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WEATHER: dull and overcast throughout the day becoming brighter after 3pm. Temp 12C strong south-westerly at times.

We transferred from our guest house in Westhay to our guest house in Weymouth but we spent nearly all the available daylight hours in the field. After saying goodbye to Anne, our host at Westhay, we set off for Tealham Moor hoping for a glimpse of a Hen Harrier or a Merlin, we saw neither. It was raining, it was windy, it was cold and dull, a normal weather pattern for January in the UK.

sunrise over Glastonbury Tor

We did see a few species, flocks of Starling came over us after leaving the roost at Ham Wall, we saw a dozen Fieldfares in the tall buses,  and Mute Swans, Great & Little Egrets fed out in the marshy areas. The obligatory flock of Lapwings danced across the sky and a single Golden Plover came over issuing its forlorn cry, we finally saw our first Wren of the trip, hooray!

From Tealham we drove to Greylake where we parked in the car and scanned the meadows on the other side of the road, hoping for a sighting of Whooper Swans. Most of the area further west was flooded so we were hoping that the Whoopers had ventured up this far east, but they hadn't!

We stopped in Yeovil on the way down to Weymouth, we parked in Nine Springs Country Park and spent an hour or so looking for new species to add to our list. Mandarin Duck was our main target, but we were distracted by a mixed flock of Siskins and Goldfinches that were feeding in the tops of the Alder trees. We managed to get a quick look at a few Siskins in the scope but they were very flighty.

bathing in Nine Springs Pool, Water Rail

At the main lake we flushed a Water Rail from right below us, it flew and swam across to the island and promptly took a bath, showing really well for us. We then scoped a few Mandarin Ducks that were well hidden under the overhanging branches of the poolside shrubs.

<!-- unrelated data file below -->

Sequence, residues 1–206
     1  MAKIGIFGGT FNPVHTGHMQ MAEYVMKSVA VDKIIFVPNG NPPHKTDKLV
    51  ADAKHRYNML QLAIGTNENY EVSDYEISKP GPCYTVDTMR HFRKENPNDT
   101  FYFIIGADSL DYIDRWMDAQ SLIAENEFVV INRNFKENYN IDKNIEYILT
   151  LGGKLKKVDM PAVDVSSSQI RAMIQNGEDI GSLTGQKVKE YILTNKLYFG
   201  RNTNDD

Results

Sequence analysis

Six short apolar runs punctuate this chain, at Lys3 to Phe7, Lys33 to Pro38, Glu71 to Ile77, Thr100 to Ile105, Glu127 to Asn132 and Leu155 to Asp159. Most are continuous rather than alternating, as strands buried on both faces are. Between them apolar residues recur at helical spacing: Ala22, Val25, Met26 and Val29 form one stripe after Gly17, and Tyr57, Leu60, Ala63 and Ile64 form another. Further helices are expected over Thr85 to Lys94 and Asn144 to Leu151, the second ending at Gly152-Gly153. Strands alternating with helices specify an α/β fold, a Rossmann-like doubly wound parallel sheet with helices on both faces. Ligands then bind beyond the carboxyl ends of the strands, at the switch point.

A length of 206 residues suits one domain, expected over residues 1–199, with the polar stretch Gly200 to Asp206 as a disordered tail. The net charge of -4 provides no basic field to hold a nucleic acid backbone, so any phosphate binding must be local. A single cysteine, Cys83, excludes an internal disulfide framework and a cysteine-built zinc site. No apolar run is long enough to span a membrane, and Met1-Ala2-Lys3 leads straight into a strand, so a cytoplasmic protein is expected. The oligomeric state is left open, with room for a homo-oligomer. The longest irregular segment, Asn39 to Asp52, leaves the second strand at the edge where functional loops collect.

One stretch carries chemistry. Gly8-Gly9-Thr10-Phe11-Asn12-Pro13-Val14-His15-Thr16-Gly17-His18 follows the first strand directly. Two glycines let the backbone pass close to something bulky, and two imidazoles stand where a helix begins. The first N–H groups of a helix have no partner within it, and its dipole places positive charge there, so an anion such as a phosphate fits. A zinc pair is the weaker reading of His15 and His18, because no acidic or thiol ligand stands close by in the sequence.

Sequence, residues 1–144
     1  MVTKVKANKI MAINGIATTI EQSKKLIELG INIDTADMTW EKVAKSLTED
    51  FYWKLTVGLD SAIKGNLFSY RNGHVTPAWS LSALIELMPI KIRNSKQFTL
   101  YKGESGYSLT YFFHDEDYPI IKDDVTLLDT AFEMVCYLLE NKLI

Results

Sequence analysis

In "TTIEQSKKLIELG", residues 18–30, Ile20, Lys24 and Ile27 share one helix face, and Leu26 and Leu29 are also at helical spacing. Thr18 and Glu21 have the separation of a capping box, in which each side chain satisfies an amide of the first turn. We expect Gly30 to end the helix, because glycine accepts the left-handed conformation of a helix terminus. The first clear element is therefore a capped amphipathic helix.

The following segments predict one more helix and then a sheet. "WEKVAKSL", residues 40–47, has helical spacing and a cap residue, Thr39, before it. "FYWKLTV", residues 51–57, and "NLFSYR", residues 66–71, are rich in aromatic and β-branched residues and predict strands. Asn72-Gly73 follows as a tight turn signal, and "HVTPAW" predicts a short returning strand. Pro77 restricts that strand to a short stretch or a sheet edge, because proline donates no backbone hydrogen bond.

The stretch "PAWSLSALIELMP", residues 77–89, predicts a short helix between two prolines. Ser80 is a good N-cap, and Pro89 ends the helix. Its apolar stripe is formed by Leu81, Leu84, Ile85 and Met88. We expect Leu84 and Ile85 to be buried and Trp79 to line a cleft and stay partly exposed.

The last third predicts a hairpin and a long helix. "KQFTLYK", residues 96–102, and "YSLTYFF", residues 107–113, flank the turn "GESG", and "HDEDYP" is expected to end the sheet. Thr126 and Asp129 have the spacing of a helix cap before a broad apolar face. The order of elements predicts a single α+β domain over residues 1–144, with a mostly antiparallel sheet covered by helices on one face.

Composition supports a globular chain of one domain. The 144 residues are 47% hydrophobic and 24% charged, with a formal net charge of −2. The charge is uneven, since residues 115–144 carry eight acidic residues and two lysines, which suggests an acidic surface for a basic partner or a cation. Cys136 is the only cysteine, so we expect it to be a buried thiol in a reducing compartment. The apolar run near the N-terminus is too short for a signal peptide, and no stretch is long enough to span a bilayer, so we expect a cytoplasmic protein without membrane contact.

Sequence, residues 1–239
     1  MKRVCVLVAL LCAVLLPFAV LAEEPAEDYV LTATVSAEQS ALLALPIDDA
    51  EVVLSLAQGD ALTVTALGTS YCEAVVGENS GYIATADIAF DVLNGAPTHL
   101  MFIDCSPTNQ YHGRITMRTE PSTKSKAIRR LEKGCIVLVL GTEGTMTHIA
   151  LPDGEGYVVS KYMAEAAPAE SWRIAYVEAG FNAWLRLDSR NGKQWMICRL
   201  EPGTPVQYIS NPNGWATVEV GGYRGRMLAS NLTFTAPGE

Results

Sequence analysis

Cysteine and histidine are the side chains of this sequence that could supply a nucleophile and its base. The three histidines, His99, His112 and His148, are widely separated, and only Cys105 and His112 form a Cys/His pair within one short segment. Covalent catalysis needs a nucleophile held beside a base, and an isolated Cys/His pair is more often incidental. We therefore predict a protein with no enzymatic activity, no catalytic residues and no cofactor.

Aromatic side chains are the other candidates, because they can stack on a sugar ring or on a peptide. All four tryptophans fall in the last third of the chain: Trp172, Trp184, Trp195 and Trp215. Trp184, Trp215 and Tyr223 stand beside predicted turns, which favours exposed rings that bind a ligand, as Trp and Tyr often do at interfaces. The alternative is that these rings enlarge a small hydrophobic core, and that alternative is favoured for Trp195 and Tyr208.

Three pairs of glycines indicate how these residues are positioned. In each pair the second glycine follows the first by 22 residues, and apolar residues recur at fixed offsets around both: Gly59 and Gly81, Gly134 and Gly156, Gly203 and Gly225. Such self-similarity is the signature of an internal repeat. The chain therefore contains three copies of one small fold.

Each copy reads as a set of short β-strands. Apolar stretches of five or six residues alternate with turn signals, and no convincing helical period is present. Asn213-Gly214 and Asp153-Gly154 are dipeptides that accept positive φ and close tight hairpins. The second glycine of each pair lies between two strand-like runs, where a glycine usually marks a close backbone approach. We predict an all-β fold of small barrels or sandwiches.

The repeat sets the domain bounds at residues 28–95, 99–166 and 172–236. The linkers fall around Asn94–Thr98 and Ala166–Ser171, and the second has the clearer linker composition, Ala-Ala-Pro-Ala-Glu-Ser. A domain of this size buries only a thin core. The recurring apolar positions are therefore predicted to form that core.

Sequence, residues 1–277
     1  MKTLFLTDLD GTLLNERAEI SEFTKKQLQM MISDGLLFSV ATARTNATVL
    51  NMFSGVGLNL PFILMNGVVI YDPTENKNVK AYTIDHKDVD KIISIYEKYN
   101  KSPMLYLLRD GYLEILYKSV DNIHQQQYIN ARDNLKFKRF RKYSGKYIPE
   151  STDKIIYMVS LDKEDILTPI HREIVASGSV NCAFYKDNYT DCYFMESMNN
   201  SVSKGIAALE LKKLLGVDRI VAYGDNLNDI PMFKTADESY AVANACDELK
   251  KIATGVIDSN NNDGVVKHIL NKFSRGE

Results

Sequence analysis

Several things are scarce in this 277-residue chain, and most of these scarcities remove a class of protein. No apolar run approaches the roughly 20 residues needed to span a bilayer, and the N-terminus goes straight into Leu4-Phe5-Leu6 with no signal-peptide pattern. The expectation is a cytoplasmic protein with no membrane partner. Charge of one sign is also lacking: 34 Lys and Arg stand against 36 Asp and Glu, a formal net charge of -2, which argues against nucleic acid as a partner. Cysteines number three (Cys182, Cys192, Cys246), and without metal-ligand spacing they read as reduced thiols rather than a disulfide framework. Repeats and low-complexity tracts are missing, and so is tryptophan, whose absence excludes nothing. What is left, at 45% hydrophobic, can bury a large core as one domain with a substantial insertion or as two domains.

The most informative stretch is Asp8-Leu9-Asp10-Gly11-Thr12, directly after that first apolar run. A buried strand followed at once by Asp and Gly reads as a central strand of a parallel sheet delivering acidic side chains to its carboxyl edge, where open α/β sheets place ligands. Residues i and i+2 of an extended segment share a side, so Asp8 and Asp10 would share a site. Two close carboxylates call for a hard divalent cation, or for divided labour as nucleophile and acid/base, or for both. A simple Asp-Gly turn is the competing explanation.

the colourful Mandarin Drake

After a quick cup of coffee at the local cafe we strolled back to the bus searching for Redpolls without seeing any. Our next target was the Corn Bunting and we knew exactly where to look for them. The open fields and grass meadows surrounding the north side of Maiden castle are the place to look for Corn Buntings in Dorset and sure enough after 5 minutes we had a small flock of six in our sights. 

record shot of Corn Bunting

This year the number of birds around the Castle are phenomenal, a huge field of sunflowers have been left to seed, specifically for the birds and thousands are taking advantage of the farmers generosity. Several Linnet flocks of 2-300 hundred were present with fewer Goldfinches, the number Rooks was staggering and Wood Pigeons formed large flocks too. A small number of Stock Doves joined them and we saw a dozen Skylarks before we left.

After picking up lunch supplies we headed off to Silverlake just a few miles out of Dorchester to the east. We ate our lunch sitting in the van in the sheltered parking area. During lunch we saw a pair of Egyptian Geese drop into the furthermost pool and out of sight.

the obligatory snap of a Mediterranean Gull, there is something that compels me to do this every time I see one

We then scanned all the lakes visible from the main pathway, it was rather windy there and quite cold. We couldn’t relocate the geese but we saw a good number of ducks including four Pintail. On the opposite bank of the first pool we found a small group of Redwings with two Mistle Thrushes, our first for the trip.

oops! I did it again

Before we left the area, we drove along a quiet single-track lane nearby to view a couple of seasonal pools, at the side of the first pool we found two Egyptian Geese and that was all. We moved on to the Watercress Beds at Crossways, there we saw dozens of Pied Wagtails, with just as many Meadow Pipits and a single Grey Wagtail. Three Pheasants and a handful of Wood Pigeons made up the rest of our sightings.

Last but not least we made a quick visit to RSPB Lodmoor, it was also very windy there and we were losing the daylight even though the sun appeared through hazy clouds. We added a few species to the day list and Mediterranean Gull went onto the trip list, other sightings included Great Egret, Grey Heron, Common Shelduck, Shoveler, Gadwall, Teal, Wigeon, Black-tailed Godwit, Lapwing, Moorhen, Coot, Little Grebe and a Cetti’s Warbler was heard.

Tomorrow we are spending the day at Portland, Portland Harbour and the Fleet, we hope to add 20+ species to the tour-tally to take us well over 100 mark.